‘Which stories are absent?’: Monument Lab will help Sacred Red Rock project reimagine the future of Robinson Park

photo by: Rochelle Valverde

Paul Farber, co-founder and director of Monument Lab, speaks as part of a presentation at the Burge Union on Oct. 20, 2023.

How can our country’s monuments tell a more complete history?

That’s the question those at the Philadelphia-based nonprofit Monument Lab seek to answer — and the question that was posed to an audience at the University of Kansas on Friday regarding the future of Robinson Park, which until recently was home to a prayer rock that’s since been returned to the Kaw Nation.

In his presentation at KU’s Burge Union — titled “Telling the Full Story: Power and Presence in Public” — Paul Farber, the co-founder and director of Monument Lab, said that every place contains layers of history, and he is wary of any that claims it has a single story. He said Monument’s Lab work considers which stories belong in places but are missing — and that’s the issue his team will explore at a workshop Saturday regarding the future of Robinson Park.

“Which stories are present? Which stories are absent? Which stories have a shadow casting there?” he said. “Which stories might be rendered in bronze or marble or official signage, and which stories are felt and lived?”

Monument Lab has helped re-envision monuments and create new art installations across the country, including a recent installation on the National Mall in Washington, D.C. As part of the presentation, Farber shared insights from Monument Lab’s work and how communities have critically examined monuments and their connections to systems of power and public memory.

The presentation was organized by the Sacred Red Rock Project, the team that worked to secure the return of the prayer rock to the Kaw Nation, and the KU Institute for Policy & Social Research.

The 28-ton red quartzite boulder, known to the Kaw as Iⁿ’zhúje’waxóbe (pronounced “EE(n) ZHOO-jay wah-HO-bay”), was taken from the Kaw’s traditional homelands nearly a century ago and made into a monument to the white settlers of Lawrence. Iⁿ’zhúje’waxóbe was returned to the tribe in August after a multi-year effort.

Now, the Sacred Red Rock Project team is leading a process to reimagine Robinson Park. Lawrence artist and community activist Dave Loewenstein, who is part of the project’s leadership team, said he and fellow leadership team member Pauline Eads Sharp, chairperson of the Kanza Heritage Society, reached out to Monument Lab early on, and he said he was excited about Monument’s Lab visit to Lawrence and upcoming workshop with the team.

“It’s very important for our project,” Loewenstein said. “… We’re going to see the Iⁿ’zhúje’waxóbe project in a different context.”

Workers position the prayer rock in Robinson Park Tuesday, Aug. 15, 2023, after it was removed from its base and laid on its side.

The Sacred Red Rock project is led by members of the Kaw Nation in collaboration with the City of Lawrence, University of Kansas, Spencer Museum of Art, Kanza Heritage Society and other partners, and it is funded by the Mellon Foundation Monuments Project Initiative.

One of Monument Lab’s efforts has been its National Monument Audit, which was produced in partnership with the Mellon Foundation. Farber said the audit ultimately included about 50,000 monuments, which were found to focus predominantly on white males and to commonly feature themes of war and conquest.

As part of the audit, Monument Lab looked at what was left out from those monuments. Farber said of the nearly 6,000 Civil War monuments, only 1% of the plaques or records associated with those monuments mentioned slavery. Of the 2,000 Confederate monuments, only 3% mention defeat. Of the monuments to pioneers, only 15% mention Indigenous peoples. Farber emphasized that over half of the pioneer monuments were dedicated after 1930.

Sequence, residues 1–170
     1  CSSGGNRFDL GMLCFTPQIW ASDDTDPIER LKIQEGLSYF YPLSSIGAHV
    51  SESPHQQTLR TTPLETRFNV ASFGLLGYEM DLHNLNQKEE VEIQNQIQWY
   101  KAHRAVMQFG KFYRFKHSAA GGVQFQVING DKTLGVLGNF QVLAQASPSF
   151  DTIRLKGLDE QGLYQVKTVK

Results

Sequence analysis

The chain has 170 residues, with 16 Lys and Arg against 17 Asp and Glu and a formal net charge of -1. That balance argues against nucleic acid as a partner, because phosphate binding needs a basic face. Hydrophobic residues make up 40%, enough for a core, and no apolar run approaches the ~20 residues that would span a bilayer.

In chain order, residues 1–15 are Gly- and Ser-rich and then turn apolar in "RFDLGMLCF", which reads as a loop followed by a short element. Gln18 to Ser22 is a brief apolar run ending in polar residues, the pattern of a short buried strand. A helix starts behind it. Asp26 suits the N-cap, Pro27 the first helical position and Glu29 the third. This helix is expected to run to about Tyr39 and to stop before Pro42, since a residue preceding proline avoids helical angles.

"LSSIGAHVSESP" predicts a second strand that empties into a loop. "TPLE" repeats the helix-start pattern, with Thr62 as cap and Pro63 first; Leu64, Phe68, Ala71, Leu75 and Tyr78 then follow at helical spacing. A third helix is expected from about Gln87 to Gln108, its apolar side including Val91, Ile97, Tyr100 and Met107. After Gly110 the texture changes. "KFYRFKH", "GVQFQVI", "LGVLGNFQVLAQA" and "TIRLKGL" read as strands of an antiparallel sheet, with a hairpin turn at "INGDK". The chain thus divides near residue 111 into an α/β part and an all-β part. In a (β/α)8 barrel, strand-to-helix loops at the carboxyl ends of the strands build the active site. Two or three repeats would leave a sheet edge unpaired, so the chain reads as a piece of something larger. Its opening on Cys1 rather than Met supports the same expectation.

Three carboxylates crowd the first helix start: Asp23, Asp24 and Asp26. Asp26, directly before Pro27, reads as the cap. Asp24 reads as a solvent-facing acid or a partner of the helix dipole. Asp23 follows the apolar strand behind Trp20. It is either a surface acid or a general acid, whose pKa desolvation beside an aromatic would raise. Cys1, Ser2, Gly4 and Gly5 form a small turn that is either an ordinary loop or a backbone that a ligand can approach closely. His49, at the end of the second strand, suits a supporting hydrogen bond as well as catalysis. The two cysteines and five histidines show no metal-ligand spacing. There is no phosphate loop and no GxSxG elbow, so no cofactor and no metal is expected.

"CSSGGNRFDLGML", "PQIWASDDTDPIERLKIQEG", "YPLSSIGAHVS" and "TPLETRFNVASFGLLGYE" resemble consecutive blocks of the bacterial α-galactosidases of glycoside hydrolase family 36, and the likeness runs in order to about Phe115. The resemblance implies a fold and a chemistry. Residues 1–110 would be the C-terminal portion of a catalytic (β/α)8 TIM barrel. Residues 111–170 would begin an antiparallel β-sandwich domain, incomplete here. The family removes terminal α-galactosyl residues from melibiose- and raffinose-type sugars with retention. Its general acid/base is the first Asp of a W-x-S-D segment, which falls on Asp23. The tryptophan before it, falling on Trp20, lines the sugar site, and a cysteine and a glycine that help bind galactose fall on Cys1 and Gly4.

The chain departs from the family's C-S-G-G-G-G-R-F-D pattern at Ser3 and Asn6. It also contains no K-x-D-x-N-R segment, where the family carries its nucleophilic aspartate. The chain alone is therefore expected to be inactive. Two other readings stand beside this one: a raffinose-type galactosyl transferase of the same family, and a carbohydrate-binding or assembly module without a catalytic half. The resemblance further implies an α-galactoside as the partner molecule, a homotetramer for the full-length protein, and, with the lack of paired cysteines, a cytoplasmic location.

“So this is after years of prolonged, armed displacement and disenfranchisement of Native tribes across this country,” he said.

The former Lawrence monument followed this pattern. Iⁿ’zhúje’waxóbe was set with a plaque honoring Lawrence settlers that did not mention the Kaw Nation or any other tribes and was dedicated in 1929. The park is named after Charles Robinson, who was among the group who settled Lawrence and the first governor of Kansas.

Farber noted that Kansas takes its name from the Kaw people, also known as the Kanza, who once called the state their home but were forcibly displaced. The park, which overlooks the Kaw River, currently contains a cannon and benches. When imagining the future of the park, Farber said the point is not to look for one story, but a representation of the complex stories that overlap there.

“We are not looking for one story to live in the park,” he said. “We’re also not looking for one manner of remembering or reconciliation. If there are layers and layers of myth, misremembering and displacement, then we actually have to counter that with layers and layers of truth telling, of coalition, of finding one another.”

The workshop with the Sacred Red Rock project team on Saturday will be focused on the challenges and opportunities presented to the community as it begins the process of reimagining Robinson Park. Loewenstein told the Journal-World that Farber would help lead the workshop, which will not be open to the public, but rather will be attended by a small group of invited guests from the community as well as the project team. More information regarding the project is available on its website, sacredredrock.com.

photo by: Rochelle Valverde

Sacred Red Rock project team members Pauline Eads Sharp, chairperson of the Kanza Heritage Society, and Lawrence artist Dave Loewenstein speak as part of a presentation at the Burge Union on Oct. 20, 2023.


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